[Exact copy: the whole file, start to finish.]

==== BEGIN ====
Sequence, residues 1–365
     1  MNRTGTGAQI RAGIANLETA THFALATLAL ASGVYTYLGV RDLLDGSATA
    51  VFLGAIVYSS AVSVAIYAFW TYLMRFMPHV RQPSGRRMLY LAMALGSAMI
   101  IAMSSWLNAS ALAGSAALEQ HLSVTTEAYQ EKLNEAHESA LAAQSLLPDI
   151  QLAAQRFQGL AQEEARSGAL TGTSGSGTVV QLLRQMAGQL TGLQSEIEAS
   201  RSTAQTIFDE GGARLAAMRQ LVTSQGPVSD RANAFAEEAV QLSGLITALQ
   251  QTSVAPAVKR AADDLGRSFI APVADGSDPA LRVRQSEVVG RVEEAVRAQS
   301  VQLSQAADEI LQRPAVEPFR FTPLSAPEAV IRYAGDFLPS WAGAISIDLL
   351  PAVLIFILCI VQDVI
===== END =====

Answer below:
Sequence, residues 1–365
     1  MNRTGTGAQI RAGIANLETA THFALATLAL ASGVYTYLGV RDLLDGSATA
    51  VFLGAIVYSS AVSVAIYAFW TYLMRFMPHV RQPSGRRMLY LAMALGSAMI
   101  IAMSSWLNAS ALAGSAALEQ HLSVTTEAYQ EKLNEAHESA LAAQSLLPDI
   151  QLAAQRFQGL AQEEARSGAL TGTSGSGTVV QLLRQMAGQL TGLQSEIEAS
   201  RSTAQTIFDE GGARLAAMRQ LVTSQGPVSD RANAFAEEAV QLSGLITALQ
   251  QTSVAPAVKR AADDLGRSFI APVADGSDPA LRVRQSEVVG RVEEAVRAQS
   301  VQLSQAADEI LQRPAVEPFR FTPLSAPEAV IRYAGDFLPS WAGAISIDLL
   351  PAVLIFILCI VQDVI